The Najib-Anwar Weakly Show

Zaid Ibrahim

It came as a surprise to many people that Prime Minister Dato’ Sri Najib Tun Razak and Opposition leader Datuk Seri Anwar Ibrahim have been holding “secret negotiations” for a unity government. If the “Edge Review” is to be believed, for the last eight months both sides have been involved in secret meetings to discuss forging a unity government of sorts, with the powerful Home Minister Datuk Seri Ahmad Zahid Hamidi leading the talks on Najib’s behalf. We can only guess that Anwar’s many close confidantes and advisers led Pakatan’s side of the discussions.

The “Edge Review” also revealed that the negotiations have not been going well, and it seems that Anwar has lost hope of a successful outcome. Internal attacks against Najib seem to have surged lately, suggesting that powerful groups within UMNO are not keen on such a pact with their sworn enemy, the Pakatan Rakyat. The “Edge” quoted a prominent, UMNO-linked businessman as saying that Najib’s position is politically weak, one from which he’s unlikely to get the endorsement of warlords in his party.

I am disappointed that the talks are not succeeding, as I’m certain many Malaysians are. When the idea was mooted by no less than the Prime Minister himself, I sang his praises.  Here is a party leader and PM who, despite enjoying an overwhelming majority, still felt it was necessary to start talking to the Opposition to address the many difficult issues facing the nation. So why have the talks not worked? Was it because they were not, in the end, about national unity, but about keeping alive the political lives of two politicians who can no longer offer anything useful or exciting to the people of this country? This is unlikely because Najib has a strong majority and a large-scale rebellion in UMNO against him is unthinkable, even one led by the irrepressible Tun Dr Mahathir Mohammad.

There is a chance the talks have not been successful because the Opposition proved to be too demanding. Could they have asked for too many Cabinet posts? Perhaps even the powerful Finance Minister’s portfolio? Did they ask Najib to step down at end of this term? What is most exasperating to ordinary people like you and me is that we have to keep guessing about possibly one of the more significant and defining moments in our democratic history, i.e. when the Government and the Opposition were at last talking to one another.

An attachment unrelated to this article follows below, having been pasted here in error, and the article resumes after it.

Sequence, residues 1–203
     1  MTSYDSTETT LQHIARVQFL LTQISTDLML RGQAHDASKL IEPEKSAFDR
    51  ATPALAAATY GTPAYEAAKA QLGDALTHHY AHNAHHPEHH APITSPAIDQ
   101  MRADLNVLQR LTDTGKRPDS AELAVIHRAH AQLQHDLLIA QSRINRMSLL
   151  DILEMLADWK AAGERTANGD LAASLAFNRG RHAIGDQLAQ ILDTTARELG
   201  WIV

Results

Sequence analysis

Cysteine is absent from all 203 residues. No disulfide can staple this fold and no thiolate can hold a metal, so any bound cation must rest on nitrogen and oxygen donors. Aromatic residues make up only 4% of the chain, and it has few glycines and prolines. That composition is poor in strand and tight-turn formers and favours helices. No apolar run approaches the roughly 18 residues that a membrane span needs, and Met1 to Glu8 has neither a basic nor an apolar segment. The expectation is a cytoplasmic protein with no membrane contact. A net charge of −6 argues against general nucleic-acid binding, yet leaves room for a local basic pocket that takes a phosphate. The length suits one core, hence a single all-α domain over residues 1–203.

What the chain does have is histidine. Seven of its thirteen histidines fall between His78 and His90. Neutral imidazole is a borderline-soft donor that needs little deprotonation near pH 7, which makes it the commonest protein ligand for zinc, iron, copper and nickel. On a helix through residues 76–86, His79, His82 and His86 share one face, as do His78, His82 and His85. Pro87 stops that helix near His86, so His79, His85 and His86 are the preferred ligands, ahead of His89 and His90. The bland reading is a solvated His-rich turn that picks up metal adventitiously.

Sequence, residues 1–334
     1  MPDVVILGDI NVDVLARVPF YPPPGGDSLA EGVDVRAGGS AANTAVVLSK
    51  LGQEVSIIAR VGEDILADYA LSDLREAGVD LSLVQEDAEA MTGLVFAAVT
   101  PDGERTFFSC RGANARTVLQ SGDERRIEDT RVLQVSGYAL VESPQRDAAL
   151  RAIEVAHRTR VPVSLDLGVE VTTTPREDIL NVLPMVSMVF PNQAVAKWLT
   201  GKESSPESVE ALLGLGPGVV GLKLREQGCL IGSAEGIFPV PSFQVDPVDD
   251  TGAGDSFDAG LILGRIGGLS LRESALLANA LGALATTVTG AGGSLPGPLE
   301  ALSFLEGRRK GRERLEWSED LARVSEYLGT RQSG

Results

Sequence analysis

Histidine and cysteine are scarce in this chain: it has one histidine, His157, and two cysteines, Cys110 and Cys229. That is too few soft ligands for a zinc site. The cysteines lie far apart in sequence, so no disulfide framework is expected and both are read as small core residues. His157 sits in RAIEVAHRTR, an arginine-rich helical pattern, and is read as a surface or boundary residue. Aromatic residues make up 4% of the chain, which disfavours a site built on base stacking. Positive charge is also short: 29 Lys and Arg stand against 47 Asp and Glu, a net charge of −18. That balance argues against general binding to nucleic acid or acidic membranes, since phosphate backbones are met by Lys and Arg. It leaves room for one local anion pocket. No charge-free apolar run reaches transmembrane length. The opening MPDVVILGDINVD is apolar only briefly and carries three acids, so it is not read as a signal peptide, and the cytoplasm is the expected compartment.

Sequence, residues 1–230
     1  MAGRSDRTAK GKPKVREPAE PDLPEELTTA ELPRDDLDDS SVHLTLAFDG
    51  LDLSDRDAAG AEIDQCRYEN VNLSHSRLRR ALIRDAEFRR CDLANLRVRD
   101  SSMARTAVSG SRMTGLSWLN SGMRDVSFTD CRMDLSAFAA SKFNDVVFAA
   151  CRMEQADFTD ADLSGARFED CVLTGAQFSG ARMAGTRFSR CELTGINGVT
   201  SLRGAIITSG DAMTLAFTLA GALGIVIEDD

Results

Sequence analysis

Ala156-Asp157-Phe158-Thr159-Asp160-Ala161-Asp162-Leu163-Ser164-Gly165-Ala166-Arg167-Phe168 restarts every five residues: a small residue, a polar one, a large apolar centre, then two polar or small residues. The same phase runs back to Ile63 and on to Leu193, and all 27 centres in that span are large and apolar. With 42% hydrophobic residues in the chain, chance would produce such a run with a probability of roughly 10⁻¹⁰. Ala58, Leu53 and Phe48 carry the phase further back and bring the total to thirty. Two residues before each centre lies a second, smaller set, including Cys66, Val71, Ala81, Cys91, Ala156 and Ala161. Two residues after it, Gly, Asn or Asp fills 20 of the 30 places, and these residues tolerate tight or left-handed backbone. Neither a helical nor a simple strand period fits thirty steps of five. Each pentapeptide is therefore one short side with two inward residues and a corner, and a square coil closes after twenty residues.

It’s not necessary for such meetings to be held in such a clandestine fashion. The public should be kept informed of the agenda and progress of these talks. If there had been some transparency, we could have at least avoided all the speculation and rumour-mongering.

In today’s world political talks are held openly – at least in a democracy they are. Unfortunately, in this instance we have not been kept informed, not even of the broad outline of the issues to be resolved. What has been on the table for discussions? Were they issues of interest to the people, such as the state of the economy, education, low wages and unemployment, the widening gap between income and wealth of the rich and poor, declining living standards, the oversupply of toll roads, the behaviour of the Muftis, the “Allah” issue and corruption, for instance? That’s what the unity talks should at least try to address, with both sides making the effort to arrive at some hard decisions together.

But if the talks are about Najib’s and Anwar’s political survival then of course the issues would be different. Who will become Deputy PM? Will we need more than one DPM? The very attractive Finance Minister’s portfolio would also be up for grabs by both sides. I am only speculating here as there is no other way to get more information (this is my pre-emptive warning to Anwar not to accuse me of reading nothing else but Utusan Malaysia).

I wonder what assurances or commitment Najib asked from the Pakatan. It’s not inconceivable that the new private jet will be allowed to remain in service, and that Datin Seri Rosmah Mansor will continue with her “diplomatic overtures” overseas, which I can understand, given the quality of our Ambassadors appointed under Najib.